From Victoria to Africa, educating on children’s rights

Head shots of Kathleen Manion (left) and Shelley Jones (right)

What do children in Victoria, BC, a village in Uganda and a refugee camp have in common?

They like to play, they like to learn, they enjoy spending time with their friends.

And they all have rights.

What’s different among them is whether those rights are realized and how the kids — and their teachers, parents and communities — learn, understand and exercise them.

That’s the focus of a research project headed by two Royal Roads University scholars.

Child Rights Education in Diverse Global Contexts and Times of Crises: A decolonizing, participatory action research project with educators, children and community members in Canada and Uganda is the title of the five-year project for which the co-principal investigators, Shelley Jones and Kathleen Manion, are receiving a $344,435 grant from Canada’s Social Sciences and Humanities Research Council (SSHRC).

Jones is a professor and program head of undergraduate studies in the College of Interdisciplinary Studies while Manion is a professor and program head, Graduate Certificate in Transforming Child Protection to Wellbeing, and acting program head in RRU’s Master of Arts in Disaster and Emergency Management.

Their project asks: what processes support educators in different contexts — a city in western Canada, a village in rural southwestern Uganda and a refugee camp in northern Uganda — to achieve impactful child rights education  empowering children to learn about and exercise their rights, based on the Child Thrive model created by the International Institute of Child Rights and Development.

“When talking with children, we often talk about four families of rights: the right to be safe, to be healthy, to be heard and to be oneself,” says Manion. “And it’s in those four families that you see why we want to use education as the catalyst to support children in their communities and in school, the place where they spend the most time outside of the home. It’s an important place to realize their rights and find ways to be heard.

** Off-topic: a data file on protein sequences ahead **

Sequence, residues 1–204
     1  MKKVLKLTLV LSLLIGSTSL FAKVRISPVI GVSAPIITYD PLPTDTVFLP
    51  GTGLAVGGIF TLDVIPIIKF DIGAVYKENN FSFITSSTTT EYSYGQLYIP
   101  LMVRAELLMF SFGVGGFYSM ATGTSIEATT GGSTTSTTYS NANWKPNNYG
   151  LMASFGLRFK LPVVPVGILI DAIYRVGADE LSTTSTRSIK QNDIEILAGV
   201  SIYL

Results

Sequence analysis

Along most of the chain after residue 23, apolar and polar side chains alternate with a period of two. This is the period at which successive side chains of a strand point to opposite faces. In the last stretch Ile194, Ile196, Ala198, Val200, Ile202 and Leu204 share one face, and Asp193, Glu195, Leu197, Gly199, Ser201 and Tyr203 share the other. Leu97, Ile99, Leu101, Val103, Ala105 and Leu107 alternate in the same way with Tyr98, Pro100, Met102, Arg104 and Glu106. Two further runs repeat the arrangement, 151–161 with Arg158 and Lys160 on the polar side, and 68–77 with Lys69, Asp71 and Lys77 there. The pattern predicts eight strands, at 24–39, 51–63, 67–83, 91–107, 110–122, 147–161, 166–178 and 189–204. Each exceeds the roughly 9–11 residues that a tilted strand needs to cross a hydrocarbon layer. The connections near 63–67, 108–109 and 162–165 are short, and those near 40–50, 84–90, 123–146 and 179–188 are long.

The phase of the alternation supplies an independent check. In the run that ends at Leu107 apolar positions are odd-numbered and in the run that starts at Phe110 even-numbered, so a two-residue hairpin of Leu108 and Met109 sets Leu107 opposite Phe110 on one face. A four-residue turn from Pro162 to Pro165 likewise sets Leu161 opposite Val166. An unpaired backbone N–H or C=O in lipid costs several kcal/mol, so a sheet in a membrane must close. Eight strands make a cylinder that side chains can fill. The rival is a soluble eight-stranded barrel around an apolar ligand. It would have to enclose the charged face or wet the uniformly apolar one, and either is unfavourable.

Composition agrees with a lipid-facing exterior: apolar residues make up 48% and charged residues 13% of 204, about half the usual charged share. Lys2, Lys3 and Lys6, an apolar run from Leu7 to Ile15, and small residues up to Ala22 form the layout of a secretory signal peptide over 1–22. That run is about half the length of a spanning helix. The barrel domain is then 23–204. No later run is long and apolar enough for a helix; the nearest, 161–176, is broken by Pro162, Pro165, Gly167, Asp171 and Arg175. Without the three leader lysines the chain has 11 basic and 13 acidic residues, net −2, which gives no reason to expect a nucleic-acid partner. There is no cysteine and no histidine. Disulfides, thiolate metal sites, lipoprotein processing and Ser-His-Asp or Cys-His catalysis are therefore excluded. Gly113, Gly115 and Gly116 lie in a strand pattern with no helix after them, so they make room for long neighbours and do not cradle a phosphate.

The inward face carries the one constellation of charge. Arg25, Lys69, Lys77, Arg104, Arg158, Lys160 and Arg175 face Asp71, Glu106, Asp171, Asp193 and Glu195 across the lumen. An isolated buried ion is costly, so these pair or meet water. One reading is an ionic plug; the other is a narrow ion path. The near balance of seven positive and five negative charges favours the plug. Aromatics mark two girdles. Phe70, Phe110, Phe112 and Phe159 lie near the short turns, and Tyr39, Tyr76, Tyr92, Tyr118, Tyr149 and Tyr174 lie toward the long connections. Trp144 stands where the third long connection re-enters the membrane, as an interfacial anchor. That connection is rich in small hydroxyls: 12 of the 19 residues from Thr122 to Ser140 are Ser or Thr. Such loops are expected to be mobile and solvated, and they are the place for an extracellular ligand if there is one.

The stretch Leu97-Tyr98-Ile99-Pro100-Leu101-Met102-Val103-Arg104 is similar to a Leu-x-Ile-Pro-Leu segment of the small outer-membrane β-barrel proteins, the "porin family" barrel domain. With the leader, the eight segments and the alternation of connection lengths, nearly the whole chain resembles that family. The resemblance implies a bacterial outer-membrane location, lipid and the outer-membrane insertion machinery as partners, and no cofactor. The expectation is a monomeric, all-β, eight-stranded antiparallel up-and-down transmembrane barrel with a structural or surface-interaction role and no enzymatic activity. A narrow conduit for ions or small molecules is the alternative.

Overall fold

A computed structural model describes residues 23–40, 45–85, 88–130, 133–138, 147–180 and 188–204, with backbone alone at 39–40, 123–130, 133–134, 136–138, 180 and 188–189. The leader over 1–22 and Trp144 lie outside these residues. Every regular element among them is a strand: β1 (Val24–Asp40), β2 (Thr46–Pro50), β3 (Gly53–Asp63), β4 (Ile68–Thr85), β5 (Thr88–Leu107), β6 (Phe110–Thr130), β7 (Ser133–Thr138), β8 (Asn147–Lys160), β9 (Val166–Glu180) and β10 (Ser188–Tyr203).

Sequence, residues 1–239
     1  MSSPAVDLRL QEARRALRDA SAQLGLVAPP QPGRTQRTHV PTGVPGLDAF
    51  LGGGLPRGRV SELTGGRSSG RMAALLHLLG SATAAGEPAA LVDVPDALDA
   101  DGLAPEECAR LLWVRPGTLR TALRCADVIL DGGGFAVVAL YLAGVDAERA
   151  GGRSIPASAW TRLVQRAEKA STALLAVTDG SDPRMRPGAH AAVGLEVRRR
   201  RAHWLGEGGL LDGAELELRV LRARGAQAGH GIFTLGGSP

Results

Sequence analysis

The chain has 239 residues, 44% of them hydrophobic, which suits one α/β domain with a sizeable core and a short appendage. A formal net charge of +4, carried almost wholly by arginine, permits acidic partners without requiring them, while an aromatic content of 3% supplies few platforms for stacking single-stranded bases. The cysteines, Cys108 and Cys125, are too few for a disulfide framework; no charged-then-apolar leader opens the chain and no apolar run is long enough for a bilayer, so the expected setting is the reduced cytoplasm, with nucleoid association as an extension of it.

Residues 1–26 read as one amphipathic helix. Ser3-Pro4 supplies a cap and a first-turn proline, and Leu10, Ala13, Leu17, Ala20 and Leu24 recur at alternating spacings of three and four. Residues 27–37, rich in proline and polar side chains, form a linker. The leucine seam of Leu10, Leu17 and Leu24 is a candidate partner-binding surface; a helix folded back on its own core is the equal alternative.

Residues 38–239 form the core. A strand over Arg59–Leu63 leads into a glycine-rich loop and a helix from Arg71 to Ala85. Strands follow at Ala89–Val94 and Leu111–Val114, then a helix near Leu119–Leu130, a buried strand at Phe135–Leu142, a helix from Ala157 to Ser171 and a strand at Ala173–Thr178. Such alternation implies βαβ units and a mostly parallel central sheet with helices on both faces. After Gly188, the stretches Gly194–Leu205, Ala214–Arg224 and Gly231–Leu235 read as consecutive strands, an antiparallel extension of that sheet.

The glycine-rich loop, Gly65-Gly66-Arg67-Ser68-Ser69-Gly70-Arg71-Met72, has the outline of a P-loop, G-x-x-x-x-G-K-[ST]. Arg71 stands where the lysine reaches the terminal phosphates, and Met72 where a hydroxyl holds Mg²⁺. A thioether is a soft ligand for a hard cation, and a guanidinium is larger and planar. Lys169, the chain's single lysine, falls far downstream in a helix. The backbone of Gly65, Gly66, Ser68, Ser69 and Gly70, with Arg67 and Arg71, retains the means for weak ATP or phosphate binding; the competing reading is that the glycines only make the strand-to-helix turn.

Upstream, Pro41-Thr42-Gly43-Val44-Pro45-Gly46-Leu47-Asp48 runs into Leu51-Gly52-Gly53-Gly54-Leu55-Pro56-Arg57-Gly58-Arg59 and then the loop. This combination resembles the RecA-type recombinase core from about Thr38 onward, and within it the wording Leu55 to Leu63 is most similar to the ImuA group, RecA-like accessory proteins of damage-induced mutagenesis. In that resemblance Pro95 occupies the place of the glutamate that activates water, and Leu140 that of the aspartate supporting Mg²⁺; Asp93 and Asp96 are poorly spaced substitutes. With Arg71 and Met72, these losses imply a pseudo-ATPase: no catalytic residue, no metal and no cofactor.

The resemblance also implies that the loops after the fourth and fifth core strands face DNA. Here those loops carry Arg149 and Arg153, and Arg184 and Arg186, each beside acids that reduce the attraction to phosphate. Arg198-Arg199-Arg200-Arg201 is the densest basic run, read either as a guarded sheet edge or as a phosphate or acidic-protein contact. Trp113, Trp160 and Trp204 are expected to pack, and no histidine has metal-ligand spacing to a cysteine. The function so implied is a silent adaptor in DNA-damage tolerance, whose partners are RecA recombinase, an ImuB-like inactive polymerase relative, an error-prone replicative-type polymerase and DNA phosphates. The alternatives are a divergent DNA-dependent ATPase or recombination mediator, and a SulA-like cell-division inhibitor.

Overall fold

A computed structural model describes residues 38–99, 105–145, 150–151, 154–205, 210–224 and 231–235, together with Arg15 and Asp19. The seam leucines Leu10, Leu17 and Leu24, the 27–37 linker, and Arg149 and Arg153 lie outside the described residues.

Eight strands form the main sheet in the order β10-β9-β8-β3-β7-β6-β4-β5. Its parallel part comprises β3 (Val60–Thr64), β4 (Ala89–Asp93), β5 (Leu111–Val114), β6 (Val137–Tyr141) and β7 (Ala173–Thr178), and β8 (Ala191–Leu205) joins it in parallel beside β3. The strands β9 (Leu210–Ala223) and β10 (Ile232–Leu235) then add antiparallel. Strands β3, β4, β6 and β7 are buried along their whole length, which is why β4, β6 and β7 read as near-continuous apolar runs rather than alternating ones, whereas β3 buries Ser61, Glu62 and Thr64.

“It’s about teaching a language of rights, which hopefully they will carry with them into their later years,” Manion says, noting the focus is on children under 12 years old. “It’s about planting seeds at a young age.”

“In a sense, the school can be a microcosm of the larger community,” Jones says. “If you have teachers and a community in the school, that is committed to the upholding and the realization of children’s rights, then children begin to experience what it is to fully participate and have a voice, and feel loved and protected and safe, and all of those things that are in the [UN] Convention [on the Rights of the Child] within that school community.”

Those opinions are informed by a pilot project the pair conducted with the head teacher at a school in a Ugandan village. Following a one-day workshop, they returned a year later to find the teacher had embraced and customized what she had learned: she opened her office to students so they could speak to her about rights or concerns, such as bullying at school; she arranged for older children to watch the playground and report any issues; she opened her doors to parents to visit and talk about any problems at home; she posted signs about rights on the outside of the school; and once a week, she circulated amongst the children with a puppet to talk about rights and responsibilities.

That teacher took another vital step: she rewrote an English-language book on children’s rights into Luganda, the local language, and drew illustrations and created activities that reflected the local community.

“When we discussed children’s rights, their own lived experiences really shaped how those conversations went,” Jones says. “How they framed what’s important to them or questions or ideas they may have had that wouldn’t occur to me being an outsider — but their teacher could understand.”

This example highlights “the importance of working in situ with people who are experts in their contexts and can appreciate what is going to be meaningful in terms of language, in terms of experiences, in terms of materials that are used,” she says.

That’s also part of the project’s pledge that its research is “decolonizing.” The other is that key colleagues and collaborators at both locations in Uganda are leading the work, with the RRU researchers supporting them.

“For me,” Jones says, “it’s about the conversation and sharing experiences. We’re working on this very collaboratively and deferring to our colleagues’ expertise in their contexts.”

And while the participatory research will take place locally, Manion notes that it will have a distinctly international approach, as the children will be linked with one another, exchanging pictures and writings so they gain a better understanding of the wider world and build empathetic connections with kids on the other side of the planet.

Her hope for the project? “That children have a better understanding of their rights and responsibilities and can use them and can work to realize them. That parents and teachers see the value of a rights-based approach to education.”